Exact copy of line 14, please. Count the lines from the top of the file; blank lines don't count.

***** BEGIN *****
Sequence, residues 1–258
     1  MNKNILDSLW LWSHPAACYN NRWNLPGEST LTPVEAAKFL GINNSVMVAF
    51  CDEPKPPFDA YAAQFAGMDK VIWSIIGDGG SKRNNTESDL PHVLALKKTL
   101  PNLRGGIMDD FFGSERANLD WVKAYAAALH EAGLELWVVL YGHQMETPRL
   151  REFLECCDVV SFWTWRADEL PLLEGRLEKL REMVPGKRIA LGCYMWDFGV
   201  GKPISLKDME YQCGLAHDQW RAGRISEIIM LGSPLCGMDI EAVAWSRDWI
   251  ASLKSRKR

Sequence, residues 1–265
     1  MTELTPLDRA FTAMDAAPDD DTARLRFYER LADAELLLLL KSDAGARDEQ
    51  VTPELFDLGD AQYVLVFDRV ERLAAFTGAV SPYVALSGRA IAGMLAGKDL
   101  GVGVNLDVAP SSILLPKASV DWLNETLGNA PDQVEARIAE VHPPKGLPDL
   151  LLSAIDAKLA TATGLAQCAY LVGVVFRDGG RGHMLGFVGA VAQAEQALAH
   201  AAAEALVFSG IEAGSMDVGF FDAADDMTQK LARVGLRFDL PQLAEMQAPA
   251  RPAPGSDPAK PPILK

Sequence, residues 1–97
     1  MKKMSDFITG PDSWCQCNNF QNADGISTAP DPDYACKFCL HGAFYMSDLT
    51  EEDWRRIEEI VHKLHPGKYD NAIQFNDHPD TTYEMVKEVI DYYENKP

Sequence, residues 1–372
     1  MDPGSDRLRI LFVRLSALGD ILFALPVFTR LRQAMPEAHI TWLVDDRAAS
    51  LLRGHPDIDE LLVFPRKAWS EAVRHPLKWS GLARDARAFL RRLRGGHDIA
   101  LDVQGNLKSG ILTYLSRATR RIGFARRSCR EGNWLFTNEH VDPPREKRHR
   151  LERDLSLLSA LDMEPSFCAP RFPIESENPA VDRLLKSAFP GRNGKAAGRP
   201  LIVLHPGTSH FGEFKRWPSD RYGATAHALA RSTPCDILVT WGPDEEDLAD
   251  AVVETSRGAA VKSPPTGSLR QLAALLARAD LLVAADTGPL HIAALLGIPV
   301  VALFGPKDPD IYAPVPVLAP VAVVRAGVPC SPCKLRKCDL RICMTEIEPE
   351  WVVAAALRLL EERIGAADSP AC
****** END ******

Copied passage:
   251  RPAPGSDPAK PPILK